At the end of January Russian aircraft manufacturer Sukhoi has flight tested its Serial Three Su-35S Flanker-E multipurpose jet fighter for the first time.
During the test which lasted more than two hours, the aircraft's propulsion and control systems were put through their paces and "proved to be flawless," the company said. Additional details on the initial flight test have not been disclosed.
The Su-35S is based on the earlier Su-27 but with an improved airframe, two central digital computers, advanced avionics and new radar with phased array antennas.
The closest competitor aircraft to the Su-27, which was introduced into service in 1988, is the U.S. F-15 Eagle.
With increased fuel capacity, the range of the Su-35S is more than 2,200 miles. The maximum speed at altitude is about 1,400 mph. Its ceiling is 59,000 feet.
Sukhoi said the Su-35S can detect aircraft out to a range of nearly 250 miles, farther than that of other combat aircraft.
The Generation 4++ fighter's radar can reportedly track simultaneously 30 aerial targets and engage eight as well as track four ground targets and engage two.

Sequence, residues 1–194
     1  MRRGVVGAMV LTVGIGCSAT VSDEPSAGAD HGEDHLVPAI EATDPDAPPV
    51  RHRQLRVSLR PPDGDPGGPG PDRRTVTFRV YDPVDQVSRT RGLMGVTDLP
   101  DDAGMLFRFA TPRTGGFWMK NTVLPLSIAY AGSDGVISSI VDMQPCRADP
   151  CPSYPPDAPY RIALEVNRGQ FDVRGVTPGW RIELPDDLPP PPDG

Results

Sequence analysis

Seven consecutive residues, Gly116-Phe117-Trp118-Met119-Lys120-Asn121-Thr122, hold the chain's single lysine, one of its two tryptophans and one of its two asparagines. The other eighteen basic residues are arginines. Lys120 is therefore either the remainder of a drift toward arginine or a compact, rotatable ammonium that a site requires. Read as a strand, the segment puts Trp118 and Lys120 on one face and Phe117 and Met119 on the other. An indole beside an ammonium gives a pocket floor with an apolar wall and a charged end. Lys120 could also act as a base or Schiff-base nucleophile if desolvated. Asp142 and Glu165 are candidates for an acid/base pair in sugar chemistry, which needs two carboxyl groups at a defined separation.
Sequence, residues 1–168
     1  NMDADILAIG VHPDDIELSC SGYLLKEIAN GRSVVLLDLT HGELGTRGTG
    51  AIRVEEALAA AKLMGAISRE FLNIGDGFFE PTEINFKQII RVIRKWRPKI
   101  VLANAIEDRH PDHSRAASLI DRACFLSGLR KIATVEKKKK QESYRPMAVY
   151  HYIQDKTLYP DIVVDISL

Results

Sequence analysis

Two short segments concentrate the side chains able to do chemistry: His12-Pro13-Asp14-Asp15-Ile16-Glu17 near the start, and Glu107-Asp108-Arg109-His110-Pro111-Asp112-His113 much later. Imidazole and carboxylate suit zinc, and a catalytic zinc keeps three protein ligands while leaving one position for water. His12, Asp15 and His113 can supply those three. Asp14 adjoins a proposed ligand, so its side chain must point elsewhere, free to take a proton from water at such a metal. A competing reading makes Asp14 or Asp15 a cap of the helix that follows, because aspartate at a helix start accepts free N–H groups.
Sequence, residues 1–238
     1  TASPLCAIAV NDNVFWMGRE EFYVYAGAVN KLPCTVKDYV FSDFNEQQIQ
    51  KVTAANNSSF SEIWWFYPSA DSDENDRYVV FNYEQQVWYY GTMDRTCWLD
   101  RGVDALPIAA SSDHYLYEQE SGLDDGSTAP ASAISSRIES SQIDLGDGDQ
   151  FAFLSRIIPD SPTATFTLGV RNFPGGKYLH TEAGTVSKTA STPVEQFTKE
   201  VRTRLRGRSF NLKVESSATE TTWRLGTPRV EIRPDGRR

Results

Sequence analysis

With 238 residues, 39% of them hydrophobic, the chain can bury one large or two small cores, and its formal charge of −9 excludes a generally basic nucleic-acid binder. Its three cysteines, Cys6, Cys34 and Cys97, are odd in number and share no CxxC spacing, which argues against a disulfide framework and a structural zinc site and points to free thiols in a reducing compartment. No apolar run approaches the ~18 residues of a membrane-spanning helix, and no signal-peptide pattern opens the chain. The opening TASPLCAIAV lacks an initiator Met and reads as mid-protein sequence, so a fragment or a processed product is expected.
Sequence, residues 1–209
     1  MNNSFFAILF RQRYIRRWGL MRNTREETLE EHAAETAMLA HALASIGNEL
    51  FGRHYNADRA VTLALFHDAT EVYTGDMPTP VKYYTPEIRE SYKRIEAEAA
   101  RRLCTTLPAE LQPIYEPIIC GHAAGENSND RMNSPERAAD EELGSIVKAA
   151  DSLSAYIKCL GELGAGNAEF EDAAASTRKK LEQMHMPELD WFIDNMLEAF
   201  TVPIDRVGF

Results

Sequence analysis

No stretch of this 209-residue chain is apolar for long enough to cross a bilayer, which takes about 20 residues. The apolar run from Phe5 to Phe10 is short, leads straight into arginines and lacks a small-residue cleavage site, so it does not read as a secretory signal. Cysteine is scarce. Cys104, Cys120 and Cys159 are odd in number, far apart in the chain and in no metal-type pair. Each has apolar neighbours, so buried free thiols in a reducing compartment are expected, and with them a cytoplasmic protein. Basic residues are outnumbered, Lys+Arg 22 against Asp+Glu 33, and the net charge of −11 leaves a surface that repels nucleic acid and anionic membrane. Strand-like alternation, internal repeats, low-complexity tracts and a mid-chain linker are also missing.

Weaponry carried by the Su-35 include a 30mm cannon, laser-guided and unguided bombs, anti-radar missiles, anti-aircraft missiles and missiles for use against maritime targets.
With reduced protruding sensors and application to the fuselage of special coatings, the Flanker-E has a reduced radar signature.
The first two Su-35S planes (Serial One and Serial Two) were delivered to a Russian government testing center in August and have already performed more than 400 test flights.
The testing has involved propulsion, aircraft maneuverability, stability and control, as well as functioning of the aircraft navigation system.
Sukhoi projects the service life of the aircraft as 6,000 flight hours and a planned operational life of 30 years.
Potential export customers of the SU-35 aircraft are said to include China, India, Malaysia, Brazil and Indonesia.
Following the dissolution of the Soviet Union into its fifteen constituent republics in December 1991, the aircraft and personnel of the Soviet Air Forces – the VVS were divided among the newly independent states. General Pyotr Deynekin, the former deputy commander-in-chief of the Soviet Air Forces, became the first commander of the new organization on 24 August 1991.
Russia received the majority of the most modern fighters and 65% of the manpower. The major commands of the former Soviet VVS – the Long Range Aviation, Military Transport Aviation and Frontal Aviation were renamed, with few changes, Russian VVS commands.